Cocoa butter in the European market is 1.25 to 1.3 times higher than the NYSE Liffe price, according to three traders with direct knowledge of the sales.
The traders declined to be identified because they are not authorized to speak to media. Cocoa butter, which accounts for as much as 20 percent of the weight of a chocolate bar, was 1.2 to 1.3 times the exchange price last week. On May 25, it was 1.06, according to Commodities Risk Analysis LC.
A global glut of cocoa butter emerged after demand for the by-product of bean processing fell following the global economic recession of 2008-09, according to London-based broker Marex Spectron Group. Cocoa butter is needed to make chocolate. Cocoa powder that is also derived from beans was more in demand because of its use in ice cream, drinks and cookies in Asia. That exacerbated the cocoa butter glut.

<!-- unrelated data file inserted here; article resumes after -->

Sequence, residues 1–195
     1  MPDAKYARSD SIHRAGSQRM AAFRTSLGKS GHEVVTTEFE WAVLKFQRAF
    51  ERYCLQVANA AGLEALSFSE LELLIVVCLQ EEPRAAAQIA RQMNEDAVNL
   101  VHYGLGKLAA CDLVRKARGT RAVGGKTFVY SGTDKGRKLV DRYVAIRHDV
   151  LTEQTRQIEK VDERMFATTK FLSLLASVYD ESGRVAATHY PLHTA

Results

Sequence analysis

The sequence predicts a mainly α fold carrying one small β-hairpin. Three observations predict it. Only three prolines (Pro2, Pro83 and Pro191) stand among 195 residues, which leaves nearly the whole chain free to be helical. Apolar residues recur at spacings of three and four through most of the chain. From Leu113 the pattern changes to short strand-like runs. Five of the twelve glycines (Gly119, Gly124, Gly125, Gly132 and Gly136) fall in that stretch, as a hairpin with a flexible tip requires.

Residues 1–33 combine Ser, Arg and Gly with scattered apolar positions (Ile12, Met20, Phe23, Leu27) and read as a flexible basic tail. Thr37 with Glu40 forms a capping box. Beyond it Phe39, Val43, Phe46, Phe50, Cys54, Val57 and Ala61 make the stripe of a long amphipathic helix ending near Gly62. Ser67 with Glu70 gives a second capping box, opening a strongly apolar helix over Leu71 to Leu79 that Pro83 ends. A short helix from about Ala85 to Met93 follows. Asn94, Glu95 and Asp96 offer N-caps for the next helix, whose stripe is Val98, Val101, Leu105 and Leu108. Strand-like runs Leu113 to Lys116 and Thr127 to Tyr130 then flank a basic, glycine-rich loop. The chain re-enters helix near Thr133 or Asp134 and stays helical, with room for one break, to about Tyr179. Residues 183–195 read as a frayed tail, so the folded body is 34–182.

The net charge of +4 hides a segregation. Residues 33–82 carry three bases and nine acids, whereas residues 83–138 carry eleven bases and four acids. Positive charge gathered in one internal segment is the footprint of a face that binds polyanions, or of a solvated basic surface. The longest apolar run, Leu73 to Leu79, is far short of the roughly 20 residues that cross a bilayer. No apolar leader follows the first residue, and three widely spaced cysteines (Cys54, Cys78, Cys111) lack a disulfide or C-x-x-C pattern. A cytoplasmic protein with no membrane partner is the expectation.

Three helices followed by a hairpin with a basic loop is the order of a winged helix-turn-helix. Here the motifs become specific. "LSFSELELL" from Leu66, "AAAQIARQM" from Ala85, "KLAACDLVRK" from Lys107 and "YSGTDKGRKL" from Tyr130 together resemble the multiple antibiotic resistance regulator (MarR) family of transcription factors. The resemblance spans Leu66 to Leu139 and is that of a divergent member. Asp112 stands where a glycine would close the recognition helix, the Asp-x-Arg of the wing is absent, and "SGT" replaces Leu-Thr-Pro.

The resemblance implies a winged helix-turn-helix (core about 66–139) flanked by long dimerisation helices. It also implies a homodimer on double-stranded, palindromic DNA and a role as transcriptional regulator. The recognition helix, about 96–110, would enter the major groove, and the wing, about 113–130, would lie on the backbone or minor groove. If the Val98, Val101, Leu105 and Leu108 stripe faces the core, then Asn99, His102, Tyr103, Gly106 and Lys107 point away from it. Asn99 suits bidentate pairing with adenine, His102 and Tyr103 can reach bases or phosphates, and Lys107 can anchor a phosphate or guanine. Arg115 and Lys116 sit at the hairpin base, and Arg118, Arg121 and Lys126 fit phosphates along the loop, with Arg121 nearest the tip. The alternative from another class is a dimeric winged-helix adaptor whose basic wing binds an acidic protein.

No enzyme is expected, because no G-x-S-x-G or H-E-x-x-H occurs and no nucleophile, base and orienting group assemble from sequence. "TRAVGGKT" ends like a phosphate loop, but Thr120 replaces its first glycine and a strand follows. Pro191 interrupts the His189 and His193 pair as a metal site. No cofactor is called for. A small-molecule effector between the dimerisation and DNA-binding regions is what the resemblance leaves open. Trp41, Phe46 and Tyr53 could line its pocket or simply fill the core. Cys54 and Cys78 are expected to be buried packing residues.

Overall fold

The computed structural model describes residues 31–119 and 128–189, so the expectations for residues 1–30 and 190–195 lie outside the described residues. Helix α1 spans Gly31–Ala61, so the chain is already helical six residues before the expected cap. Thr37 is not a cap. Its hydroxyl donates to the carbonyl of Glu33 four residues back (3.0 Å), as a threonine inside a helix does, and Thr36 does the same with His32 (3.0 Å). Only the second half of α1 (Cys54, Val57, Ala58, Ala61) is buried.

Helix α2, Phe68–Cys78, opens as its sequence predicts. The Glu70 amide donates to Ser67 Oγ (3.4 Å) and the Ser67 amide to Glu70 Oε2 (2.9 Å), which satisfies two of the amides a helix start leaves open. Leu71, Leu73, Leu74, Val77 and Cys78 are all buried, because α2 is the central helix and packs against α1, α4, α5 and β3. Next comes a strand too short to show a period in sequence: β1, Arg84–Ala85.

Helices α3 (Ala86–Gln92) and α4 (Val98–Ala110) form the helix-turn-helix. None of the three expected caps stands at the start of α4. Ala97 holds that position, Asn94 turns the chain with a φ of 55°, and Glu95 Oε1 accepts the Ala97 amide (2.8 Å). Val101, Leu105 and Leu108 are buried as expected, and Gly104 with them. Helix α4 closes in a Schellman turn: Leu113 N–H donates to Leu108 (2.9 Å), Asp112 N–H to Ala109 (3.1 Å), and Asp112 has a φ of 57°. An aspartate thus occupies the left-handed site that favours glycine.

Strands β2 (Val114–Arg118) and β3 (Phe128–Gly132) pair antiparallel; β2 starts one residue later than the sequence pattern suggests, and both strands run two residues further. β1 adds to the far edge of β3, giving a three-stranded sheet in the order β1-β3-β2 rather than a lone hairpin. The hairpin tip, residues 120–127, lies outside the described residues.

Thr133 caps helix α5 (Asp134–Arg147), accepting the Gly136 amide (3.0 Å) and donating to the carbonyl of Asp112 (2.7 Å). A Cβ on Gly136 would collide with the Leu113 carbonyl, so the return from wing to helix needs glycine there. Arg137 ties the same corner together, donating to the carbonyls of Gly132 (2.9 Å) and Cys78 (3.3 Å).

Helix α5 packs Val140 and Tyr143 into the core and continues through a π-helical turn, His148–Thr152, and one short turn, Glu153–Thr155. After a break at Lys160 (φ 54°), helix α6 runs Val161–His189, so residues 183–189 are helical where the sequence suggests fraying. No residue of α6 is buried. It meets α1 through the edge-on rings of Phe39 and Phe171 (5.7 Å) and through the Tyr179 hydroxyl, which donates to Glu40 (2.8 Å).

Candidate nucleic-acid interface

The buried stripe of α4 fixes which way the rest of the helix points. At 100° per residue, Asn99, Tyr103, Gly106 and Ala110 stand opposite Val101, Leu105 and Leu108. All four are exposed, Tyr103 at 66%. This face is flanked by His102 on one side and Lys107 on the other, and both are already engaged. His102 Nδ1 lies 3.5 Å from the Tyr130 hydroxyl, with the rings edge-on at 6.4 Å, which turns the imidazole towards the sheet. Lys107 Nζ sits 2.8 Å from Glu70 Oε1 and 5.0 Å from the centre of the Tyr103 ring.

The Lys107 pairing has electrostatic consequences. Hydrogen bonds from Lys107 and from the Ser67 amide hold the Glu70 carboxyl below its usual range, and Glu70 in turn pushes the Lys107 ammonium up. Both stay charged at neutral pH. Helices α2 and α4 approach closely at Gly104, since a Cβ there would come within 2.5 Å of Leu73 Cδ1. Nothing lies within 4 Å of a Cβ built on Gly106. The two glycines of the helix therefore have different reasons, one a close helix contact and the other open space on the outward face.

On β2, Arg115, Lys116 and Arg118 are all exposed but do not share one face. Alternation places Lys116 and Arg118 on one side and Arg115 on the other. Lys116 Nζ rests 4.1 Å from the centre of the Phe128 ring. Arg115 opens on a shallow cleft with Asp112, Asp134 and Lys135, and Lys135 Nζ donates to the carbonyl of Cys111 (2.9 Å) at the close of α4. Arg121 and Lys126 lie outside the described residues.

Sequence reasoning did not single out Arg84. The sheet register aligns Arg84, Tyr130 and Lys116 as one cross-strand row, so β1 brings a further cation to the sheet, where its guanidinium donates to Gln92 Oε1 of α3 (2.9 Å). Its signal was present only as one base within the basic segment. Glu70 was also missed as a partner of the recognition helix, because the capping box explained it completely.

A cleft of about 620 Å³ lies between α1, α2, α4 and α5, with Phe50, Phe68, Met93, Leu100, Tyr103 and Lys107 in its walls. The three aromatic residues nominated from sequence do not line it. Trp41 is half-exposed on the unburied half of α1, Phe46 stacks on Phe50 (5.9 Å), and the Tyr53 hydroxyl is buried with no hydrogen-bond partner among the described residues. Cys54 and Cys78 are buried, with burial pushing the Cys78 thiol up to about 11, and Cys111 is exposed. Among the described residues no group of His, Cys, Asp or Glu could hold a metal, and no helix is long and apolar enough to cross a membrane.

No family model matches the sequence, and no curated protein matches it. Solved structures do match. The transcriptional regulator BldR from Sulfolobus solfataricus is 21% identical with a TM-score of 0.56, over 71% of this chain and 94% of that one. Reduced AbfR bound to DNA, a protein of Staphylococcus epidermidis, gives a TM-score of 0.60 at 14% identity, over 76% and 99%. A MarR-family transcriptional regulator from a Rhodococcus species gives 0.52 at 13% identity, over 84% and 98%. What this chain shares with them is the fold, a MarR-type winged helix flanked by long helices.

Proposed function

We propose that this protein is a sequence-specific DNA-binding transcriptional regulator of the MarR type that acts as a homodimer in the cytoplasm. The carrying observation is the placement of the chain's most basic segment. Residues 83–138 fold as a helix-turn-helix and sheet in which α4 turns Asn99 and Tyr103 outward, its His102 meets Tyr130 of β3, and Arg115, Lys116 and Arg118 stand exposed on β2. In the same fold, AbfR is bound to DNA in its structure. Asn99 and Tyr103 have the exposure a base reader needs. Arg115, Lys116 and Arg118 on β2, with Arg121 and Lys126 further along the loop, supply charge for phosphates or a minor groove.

“Processors have been drawing down existing cocoa butter stocks, rather than grinding fresh cocoa beans and selling them at cheap prices, rather than focusing on just powder,” Kona Haque, an analyst at Macquarie Group Ltd. in London, said in a report dated yesterday.
Cocoa butter trades in Europe in liquid form at a ratio to the NYSE Liffe bean price. Cocoa futures for December delivery increased 0.9 percent to 1,581 pounds ($2,488) a ton at 1:30 p.m. in London.
To contact the reporter on this story: Isis Almeida in London at Ialmeida3@bloomberg.net
To contact the editor responsible for this story: Claudia Carpenter at Ccarpenter2@bloomberg.net.